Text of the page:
Northrop Grumman upgrades nuclear war 'Doomsday Plane' for US Navy

Northrop Grumman upgrades nuclear war 'Doomsday Plane' for US Navy
US Navy E-6B Mercury flying command center
US Navy E-6B Mercury flying command center
View 1 Image
US Navy E-6B Mercury flying command center
US Navy E-6B Mercury flying command center

In an unpleasant reminder of the state of the world, Northrop Grumman has delivered the first refitted E-6B Mercury 'Doomsday Plane' that acts as a flying command center to control the launch of America's nuclear forces in the event of World War III.

In military circles, there are secrets, open secrets, and things that aren't exactly secret, but nobody likes to talk about them. One example of the lattermost is the US military's fleet of what are nicknamed 'Doomsday Planes' that, as the name implies, are intended to go into action if international relations get as unpleasant as it's possible to imagine.

Every day, a number of specially modified jet airliners are patrolling somewhere as they await the realization of the worst nightmares of the Cold War. However, the US government is uncomfortable about even admitting they exist.

In the 1960s, US strategic planners were concerned that the Soviet Union might attempt what is called a decapitation attack against the United States. The idea was that an enemy could paralyze any American response to a nuclear strike by targeting the President, the Pentagon, and the underground command centers of SAC and NORAD.

To prevent this, the US initiated Operation Looking Glass, which involved modifying aircraft into flying command centers that duplicated the systems and staff of the ground-based command. This way, in the event of a decapitation strike, the President, their successor, or whoever is next in the chain of command can coordinate a second strike from Air Force One or wherever they are.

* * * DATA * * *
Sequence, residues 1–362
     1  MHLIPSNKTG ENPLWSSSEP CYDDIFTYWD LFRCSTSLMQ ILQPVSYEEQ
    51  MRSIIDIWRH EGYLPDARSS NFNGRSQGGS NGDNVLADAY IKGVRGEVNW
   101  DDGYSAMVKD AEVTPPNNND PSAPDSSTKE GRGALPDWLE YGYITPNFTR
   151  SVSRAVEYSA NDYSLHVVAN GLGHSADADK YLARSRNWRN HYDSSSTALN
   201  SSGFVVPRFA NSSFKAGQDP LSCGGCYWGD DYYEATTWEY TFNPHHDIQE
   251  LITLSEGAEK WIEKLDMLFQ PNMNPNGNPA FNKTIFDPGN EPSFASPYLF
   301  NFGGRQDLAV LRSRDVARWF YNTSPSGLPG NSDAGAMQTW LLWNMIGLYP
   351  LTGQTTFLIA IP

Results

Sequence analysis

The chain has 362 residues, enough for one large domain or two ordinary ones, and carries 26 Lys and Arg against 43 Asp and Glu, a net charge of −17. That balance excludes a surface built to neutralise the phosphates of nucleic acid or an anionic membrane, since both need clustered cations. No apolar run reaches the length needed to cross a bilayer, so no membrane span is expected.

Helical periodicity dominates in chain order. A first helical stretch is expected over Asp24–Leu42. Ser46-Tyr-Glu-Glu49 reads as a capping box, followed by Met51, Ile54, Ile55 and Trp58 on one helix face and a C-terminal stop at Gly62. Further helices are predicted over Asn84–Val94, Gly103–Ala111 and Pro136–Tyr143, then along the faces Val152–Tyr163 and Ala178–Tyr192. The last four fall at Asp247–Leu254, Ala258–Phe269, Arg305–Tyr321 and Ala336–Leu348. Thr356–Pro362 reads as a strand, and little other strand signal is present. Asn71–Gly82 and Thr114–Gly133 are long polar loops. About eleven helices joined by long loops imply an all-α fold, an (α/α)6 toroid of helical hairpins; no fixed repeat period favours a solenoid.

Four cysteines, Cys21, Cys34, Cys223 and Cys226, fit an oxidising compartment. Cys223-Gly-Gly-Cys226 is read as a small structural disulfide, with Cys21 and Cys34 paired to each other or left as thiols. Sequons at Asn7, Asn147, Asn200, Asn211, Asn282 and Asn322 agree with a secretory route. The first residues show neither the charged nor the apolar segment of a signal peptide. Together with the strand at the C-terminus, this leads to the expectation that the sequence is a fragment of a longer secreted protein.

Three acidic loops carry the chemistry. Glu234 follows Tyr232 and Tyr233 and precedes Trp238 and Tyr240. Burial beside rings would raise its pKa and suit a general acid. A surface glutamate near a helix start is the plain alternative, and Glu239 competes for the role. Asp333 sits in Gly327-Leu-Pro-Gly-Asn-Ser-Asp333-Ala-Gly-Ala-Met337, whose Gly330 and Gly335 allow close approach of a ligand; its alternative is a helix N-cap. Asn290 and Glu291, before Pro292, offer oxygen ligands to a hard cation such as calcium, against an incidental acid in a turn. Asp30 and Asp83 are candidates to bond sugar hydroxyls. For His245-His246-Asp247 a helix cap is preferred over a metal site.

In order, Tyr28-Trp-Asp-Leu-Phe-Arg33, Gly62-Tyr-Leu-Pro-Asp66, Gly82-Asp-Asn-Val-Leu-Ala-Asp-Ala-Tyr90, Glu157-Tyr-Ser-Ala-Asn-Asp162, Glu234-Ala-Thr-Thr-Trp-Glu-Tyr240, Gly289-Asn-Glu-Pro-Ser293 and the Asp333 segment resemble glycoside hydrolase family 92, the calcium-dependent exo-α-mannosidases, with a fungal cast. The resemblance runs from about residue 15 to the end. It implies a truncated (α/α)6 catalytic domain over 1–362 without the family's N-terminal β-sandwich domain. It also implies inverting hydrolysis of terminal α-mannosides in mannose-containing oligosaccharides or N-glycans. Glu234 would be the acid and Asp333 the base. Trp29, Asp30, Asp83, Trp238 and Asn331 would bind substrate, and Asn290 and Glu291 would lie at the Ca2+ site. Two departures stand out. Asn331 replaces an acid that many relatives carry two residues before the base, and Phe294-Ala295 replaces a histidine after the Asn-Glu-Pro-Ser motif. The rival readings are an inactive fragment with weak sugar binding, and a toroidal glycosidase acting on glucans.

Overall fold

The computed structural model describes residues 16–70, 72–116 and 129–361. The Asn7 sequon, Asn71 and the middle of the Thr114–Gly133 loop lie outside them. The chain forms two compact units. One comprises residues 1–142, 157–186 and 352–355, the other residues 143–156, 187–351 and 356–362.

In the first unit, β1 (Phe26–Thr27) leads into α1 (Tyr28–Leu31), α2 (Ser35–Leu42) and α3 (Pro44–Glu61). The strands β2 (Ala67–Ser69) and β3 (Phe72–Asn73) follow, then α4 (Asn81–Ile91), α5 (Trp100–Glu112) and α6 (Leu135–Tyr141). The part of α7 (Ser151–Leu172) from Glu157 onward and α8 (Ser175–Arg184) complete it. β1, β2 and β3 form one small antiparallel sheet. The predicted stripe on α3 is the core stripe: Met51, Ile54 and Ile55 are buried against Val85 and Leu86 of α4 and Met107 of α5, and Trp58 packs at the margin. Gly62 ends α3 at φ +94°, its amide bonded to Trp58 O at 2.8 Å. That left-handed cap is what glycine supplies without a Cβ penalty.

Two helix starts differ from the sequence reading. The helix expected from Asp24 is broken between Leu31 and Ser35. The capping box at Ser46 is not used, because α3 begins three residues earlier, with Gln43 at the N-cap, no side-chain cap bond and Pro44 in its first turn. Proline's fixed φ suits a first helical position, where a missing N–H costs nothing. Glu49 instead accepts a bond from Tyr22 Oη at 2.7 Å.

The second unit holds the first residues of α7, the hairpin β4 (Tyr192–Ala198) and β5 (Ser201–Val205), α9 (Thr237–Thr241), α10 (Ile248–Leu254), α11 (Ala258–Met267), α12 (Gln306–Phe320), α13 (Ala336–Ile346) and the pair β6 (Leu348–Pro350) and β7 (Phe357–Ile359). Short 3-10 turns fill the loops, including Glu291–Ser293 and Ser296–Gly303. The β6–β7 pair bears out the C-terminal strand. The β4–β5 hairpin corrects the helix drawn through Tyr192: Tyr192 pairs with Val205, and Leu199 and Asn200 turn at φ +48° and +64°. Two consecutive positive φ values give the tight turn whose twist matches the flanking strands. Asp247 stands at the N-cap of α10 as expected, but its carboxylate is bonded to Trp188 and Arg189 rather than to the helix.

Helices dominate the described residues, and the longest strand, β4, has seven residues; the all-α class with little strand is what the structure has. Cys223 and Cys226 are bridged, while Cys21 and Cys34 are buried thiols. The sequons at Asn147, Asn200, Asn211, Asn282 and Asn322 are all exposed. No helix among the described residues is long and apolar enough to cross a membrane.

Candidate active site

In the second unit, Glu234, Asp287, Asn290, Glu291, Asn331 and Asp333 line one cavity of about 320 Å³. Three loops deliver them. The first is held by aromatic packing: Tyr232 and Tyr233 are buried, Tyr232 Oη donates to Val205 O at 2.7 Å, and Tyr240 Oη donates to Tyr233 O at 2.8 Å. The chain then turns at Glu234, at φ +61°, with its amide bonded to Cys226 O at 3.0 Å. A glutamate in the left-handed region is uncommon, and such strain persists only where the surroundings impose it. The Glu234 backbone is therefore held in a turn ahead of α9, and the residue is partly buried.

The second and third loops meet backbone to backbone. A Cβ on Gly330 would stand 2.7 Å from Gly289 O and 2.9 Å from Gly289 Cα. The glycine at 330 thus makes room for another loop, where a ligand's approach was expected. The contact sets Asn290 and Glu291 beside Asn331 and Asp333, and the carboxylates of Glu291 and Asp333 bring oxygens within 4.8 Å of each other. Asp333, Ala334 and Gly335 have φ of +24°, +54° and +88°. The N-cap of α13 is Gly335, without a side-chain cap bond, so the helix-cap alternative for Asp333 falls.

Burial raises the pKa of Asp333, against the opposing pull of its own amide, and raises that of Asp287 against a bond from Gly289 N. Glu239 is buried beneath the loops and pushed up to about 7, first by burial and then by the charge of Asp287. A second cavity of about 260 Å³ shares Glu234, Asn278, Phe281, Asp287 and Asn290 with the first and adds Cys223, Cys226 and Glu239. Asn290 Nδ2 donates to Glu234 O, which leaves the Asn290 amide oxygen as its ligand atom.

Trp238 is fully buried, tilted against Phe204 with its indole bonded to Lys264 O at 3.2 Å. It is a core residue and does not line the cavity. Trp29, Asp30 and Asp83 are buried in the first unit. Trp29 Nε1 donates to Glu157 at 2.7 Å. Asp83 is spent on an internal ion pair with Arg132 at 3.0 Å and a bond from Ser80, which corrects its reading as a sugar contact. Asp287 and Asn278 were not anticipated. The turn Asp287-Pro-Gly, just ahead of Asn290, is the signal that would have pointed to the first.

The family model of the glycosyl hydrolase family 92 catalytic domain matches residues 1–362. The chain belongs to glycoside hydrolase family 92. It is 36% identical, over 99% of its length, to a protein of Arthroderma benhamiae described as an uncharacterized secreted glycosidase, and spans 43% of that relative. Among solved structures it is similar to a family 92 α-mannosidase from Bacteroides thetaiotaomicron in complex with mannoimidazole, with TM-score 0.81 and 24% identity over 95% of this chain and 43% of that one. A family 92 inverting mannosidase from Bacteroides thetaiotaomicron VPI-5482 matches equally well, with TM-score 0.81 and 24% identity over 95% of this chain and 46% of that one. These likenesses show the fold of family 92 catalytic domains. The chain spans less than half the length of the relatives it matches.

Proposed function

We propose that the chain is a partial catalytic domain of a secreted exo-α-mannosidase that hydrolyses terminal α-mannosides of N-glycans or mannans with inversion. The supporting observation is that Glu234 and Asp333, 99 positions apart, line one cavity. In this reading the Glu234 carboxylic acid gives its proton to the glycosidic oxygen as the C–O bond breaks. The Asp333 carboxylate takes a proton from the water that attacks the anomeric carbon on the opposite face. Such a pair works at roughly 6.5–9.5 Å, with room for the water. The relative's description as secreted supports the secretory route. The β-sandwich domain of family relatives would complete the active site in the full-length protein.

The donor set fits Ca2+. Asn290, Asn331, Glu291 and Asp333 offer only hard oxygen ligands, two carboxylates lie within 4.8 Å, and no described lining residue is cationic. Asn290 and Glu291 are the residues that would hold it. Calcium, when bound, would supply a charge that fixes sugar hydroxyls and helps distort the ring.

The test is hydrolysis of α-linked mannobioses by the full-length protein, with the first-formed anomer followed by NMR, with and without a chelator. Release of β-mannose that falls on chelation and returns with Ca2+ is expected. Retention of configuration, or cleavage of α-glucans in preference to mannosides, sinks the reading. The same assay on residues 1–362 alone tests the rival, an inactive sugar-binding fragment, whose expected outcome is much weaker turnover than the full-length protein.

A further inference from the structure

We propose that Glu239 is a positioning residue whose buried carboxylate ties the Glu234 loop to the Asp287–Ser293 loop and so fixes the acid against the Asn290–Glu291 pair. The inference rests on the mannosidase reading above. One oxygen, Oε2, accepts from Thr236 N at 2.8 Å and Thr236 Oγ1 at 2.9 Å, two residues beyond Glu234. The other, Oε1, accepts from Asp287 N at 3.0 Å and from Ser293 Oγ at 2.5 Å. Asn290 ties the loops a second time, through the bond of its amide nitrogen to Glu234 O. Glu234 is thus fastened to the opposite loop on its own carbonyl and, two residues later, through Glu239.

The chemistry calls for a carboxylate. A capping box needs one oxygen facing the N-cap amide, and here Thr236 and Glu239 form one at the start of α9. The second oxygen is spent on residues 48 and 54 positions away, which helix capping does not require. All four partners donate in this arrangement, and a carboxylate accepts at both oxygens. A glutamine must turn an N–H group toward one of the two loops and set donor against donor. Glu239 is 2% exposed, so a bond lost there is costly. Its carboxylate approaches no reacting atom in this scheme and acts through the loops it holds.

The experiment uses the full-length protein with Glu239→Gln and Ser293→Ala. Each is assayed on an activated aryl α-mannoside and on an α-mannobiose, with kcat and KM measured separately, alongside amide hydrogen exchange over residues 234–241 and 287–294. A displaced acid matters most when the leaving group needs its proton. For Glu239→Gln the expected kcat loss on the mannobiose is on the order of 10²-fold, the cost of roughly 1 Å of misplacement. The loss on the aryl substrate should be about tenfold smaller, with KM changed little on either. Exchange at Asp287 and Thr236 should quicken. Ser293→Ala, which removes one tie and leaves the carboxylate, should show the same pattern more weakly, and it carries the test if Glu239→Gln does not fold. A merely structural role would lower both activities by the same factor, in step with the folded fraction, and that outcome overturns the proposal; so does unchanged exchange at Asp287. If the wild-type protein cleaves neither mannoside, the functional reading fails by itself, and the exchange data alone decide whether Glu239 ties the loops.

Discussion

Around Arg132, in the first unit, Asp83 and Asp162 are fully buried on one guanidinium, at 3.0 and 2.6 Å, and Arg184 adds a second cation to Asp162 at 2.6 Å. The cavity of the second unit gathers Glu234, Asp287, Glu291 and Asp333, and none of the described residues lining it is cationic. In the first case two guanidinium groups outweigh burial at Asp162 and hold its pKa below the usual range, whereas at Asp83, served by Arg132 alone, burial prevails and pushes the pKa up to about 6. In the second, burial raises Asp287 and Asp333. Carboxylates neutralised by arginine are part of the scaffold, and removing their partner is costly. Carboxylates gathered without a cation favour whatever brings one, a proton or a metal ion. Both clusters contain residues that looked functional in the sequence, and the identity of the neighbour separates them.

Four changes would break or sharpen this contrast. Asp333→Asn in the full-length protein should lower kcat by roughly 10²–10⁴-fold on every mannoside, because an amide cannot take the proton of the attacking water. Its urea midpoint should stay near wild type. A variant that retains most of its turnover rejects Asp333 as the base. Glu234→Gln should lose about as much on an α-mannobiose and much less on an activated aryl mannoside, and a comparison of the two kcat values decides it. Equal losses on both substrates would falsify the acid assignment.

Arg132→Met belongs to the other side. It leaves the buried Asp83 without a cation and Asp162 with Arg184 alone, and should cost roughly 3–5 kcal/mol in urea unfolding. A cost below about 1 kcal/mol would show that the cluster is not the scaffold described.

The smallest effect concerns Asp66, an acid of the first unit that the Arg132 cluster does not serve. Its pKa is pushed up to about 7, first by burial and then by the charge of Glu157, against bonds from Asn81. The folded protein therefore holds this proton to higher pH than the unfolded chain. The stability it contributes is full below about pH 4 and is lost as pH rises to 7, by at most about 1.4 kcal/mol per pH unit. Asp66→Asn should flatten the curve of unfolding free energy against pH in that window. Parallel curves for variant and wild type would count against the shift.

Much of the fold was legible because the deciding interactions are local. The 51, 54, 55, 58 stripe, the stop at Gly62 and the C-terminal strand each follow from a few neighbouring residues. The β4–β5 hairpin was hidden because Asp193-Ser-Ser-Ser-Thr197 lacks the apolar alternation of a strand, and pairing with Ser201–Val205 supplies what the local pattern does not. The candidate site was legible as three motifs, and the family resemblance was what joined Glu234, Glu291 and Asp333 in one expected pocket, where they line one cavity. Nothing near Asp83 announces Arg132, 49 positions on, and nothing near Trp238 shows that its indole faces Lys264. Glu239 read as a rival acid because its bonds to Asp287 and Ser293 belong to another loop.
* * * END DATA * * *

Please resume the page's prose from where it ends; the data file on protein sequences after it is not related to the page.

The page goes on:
Based on the Boeing 707-320, the E-6B Mercury is the US Navy's Doomsday Plane that's been in service since 1998 and is the last variant of the 707. Powered by four CFM-56-2A-2 high-bypass turbofan engines, it carries a crew of 22, including analysts and strategists, in a specially hardened airframe that can withstand a wide range of threats. It can also remain airborne for a week with in-flight refueling and only has to land because its lubrication can only be serviced on the ground.

It is tasked with Take Charge and Move Out (TACAMO) strategic communications missions that use a huge suite of communication systems to relay commands from what remains of the National Command Authority (NCA) to US ballistic missile submarines as well as ICBM and bomber forces, and non-strategic forces.

Under a US$111-million contract, Northrop Grumman updated the communications on the first Mercury with five kits to transmit and receive secure and non-secure voice and data information across a wide radio spectrum, plus more secure and survivable airborne command, control and communications.

According to the company, a second aircraft is now being upgraded with others to follow over the next few years.

"Northrop Grumman is leveraging cutting-edge technology in modernization, supporting the Navy’s mission to provide survivable, reliable and endurable airborne command, control and communications between the National Command Authority and US strategic and nonstrategic forces for persistent mission readiness," said Scott Pfeiffer, vice president, platform sustainment and mission readiness at Northrop Grumman.

Source: Northrop Grumman

We are nuts. Our military industrial complex continues to push us to the brink for their profits. It is madness. There will be no winners. We need to work to reduce and verify all of the nuclear actors. This technology, in no way, makes me feel safer.
Nelson Hyde Chick
It is just so encouraging to know we are working diligently on our own destruction.
Well only some of us are nuts. Sadly a few of the crazy ones are running nuclear-armed countries. The good news is that Joe Biden is unlikely to launch a pre-emptive strike even though he is getting on a bit.